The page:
- ItemSex-specific effects of wind on the flight decisions of a sexually dimorphic soaring bird(John Wiley & Sons Ltd., 2020) Clay, Thomas A.; Joo, Rocio; Weimerskirch, Henri; Phillips, Richard A.; Den Ouden, Olivier; Basille, Mathieu; Clusella-Trullas, Susana; Assink, Jelle D.; Patrick, Samantha C.In a highly dynamic airspace, flying animals are predicted to adjust foraging behaviour to variable wind conditions to minimize movement costs. Sexual size dimorphism is widespread in wild animal populations, and for large soaring birds which rely on favourable winds for energy-efficient flight, differences in morphology, wing loading and associated flight capabilities may lead males and females to respond differently to wind. However, the interaction between wind and sex has not been comprehensively tested. We investigated, in a large sexually dimorphic seabird which predominantly uses dynamic soaring flight, whether flight decisions are modulated to variation in winds over extended foraging trips, and whether males and females differ. Using GPS loggers we tracked 385 incubation foraging trips of wandering albatrossesDiomedea exulans, for which males arec. 20% larger than females, from two major populations (Crozet and South Georgia). Hidden Markov models were used to characterize behavioural states-directed flight, area-restricted search (ARS) and resting-and model the probability of transitioning between states in response to wind speed and relative direction, and sex. Wind speed and relative direction were important predictors of state transitioning. Birds were much more likely to take off (i.e. switch from rest to flight) in stronger headwinds, and as wind speeds increased, to be in directed flight rather than ARS. Males from Crozet but not South Georgia experienced stronger winds than females, and males from both populations were more likely to take-off in windier conditions. Albatrosses appear to deploy an energy-saving strategy by modulating taking-off, their most energetically expensive behaviour, to favourable wind conditions. The behaviour of males, which have higher wing loading requiring faster speeds for gliding flight, was influenced to a greater degree by wind than females. As such, our results indicate that variation in flight performance drives sex differences in time-activity budgets and may lead the sexes to exploit regions with different wind regimes.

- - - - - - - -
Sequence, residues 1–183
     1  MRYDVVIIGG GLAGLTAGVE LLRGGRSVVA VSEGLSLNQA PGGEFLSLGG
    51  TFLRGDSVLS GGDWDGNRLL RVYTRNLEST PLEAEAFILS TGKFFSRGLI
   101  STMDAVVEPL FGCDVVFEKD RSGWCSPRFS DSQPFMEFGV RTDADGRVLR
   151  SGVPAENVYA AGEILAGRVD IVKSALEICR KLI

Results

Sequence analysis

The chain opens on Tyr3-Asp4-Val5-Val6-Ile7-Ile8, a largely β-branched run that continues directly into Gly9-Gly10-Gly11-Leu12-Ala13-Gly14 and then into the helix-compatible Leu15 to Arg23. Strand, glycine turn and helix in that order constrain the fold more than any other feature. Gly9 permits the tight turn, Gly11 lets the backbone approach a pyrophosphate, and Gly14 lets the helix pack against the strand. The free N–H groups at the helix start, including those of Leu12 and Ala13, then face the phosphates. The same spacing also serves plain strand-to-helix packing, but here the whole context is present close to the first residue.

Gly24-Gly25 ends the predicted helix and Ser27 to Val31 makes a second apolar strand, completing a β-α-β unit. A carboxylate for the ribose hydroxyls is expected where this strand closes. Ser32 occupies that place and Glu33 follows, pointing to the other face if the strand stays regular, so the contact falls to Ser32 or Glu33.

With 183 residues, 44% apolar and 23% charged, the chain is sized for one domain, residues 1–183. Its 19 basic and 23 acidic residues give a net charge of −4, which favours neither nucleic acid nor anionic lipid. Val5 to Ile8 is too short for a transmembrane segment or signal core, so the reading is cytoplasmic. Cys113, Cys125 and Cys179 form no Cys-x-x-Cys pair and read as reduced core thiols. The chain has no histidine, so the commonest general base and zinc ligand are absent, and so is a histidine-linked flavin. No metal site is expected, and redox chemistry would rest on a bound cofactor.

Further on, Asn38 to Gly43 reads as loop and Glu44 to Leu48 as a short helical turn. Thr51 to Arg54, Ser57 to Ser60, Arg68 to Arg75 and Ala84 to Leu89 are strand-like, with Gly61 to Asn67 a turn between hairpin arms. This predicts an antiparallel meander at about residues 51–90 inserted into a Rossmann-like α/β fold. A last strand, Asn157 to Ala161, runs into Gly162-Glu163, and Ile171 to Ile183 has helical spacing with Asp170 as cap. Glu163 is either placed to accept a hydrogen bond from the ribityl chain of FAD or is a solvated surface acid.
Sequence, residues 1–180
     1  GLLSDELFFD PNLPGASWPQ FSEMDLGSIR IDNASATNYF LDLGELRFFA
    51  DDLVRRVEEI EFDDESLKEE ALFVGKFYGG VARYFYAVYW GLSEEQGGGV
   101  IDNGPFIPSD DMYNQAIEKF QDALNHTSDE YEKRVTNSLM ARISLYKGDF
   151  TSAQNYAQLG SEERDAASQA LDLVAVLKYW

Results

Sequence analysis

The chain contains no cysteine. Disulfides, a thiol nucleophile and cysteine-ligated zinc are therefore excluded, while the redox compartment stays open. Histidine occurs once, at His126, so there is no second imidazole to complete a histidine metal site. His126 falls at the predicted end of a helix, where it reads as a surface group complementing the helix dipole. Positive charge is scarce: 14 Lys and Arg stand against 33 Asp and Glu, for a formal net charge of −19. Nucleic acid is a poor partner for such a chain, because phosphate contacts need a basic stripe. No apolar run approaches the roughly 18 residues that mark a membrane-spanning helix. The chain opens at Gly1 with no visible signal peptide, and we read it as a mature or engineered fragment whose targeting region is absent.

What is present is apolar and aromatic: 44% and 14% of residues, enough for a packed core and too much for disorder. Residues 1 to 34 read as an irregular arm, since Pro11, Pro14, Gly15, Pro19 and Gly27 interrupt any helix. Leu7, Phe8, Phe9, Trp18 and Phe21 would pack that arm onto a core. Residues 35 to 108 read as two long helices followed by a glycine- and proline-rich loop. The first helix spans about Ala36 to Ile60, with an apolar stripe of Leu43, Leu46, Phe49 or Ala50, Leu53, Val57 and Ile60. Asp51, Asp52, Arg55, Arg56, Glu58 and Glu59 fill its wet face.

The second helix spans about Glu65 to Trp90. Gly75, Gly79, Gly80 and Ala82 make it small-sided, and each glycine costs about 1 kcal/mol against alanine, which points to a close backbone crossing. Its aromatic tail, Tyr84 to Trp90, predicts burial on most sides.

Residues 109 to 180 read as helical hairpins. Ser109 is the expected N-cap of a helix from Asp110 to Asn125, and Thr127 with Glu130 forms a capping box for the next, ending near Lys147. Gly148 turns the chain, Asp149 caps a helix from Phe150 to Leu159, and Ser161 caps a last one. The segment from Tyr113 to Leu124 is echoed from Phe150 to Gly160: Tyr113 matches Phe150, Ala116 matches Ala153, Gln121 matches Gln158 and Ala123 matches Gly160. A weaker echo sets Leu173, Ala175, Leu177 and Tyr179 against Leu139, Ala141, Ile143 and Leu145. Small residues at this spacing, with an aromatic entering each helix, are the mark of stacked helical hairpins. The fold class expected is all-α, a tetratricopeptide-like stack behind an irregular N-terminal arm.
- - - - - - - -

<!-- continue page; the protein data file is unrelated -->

- ItemSpatial scale, topography and thermoregulatory behaviour interact when modelling species’ thermal niches(Nordic Society Oikos, 2019) Barton, Madeleine G.; Clusella-Trullas, Susana; Terblanche, John S.The spatial scale at which climate and species’ occupancy data are gathered, and the resolution at which ecological models are run, can strongly influence predictions of species performance and distributions. Running model simulations at coarse rather than fine spatial resolutions, for example, can determine if a model accurately predicts the distribution of a species. The impacts of spatial scale on a model’s accuracy are particularly pronounced across mountainous terrain. Understanding how these discrepancies arise requires a modelling approach in which the underlying processes that determine a species’ distribution are explicitly described. Here we use a process-based model to explore how spatial resolution, topography and behaviour alter predictions of a species thermal niche, which in turn constrains its survival and geographic distribution. The model incorporates biophysical equations to predict the operative temperature (Te), thermal-dependent performance and survival of a typical insect, with a complex life-cycle, in its microclimate. We run this model with geographic data from a mountainous terrain in South Africa using climate data at three spatial resolutions. We also explore how behavioural thermoregulation affects predictions of a species performance and survival by allowing the animal to select the optimum thermal location within each coarse-grid cell. At the regional level, coarse-resolution models predicted lower Te at low elevations and higher Te at high elevations than models run at fine resolutions. These differences were more prominent on steep, north-facing slopes. The discrepancies in Te in turn affected estimates of the species thermal niche. The modelling framework revealed how spatial resolution and topography influence predictions of species distribution models, including the potential impacts of climate change. These systematic biases must be accounted for when interpreting the outputs of future modelling studies, particularly when species distributions are predicted to shift from uniform to topographically heterogeneous landscapes.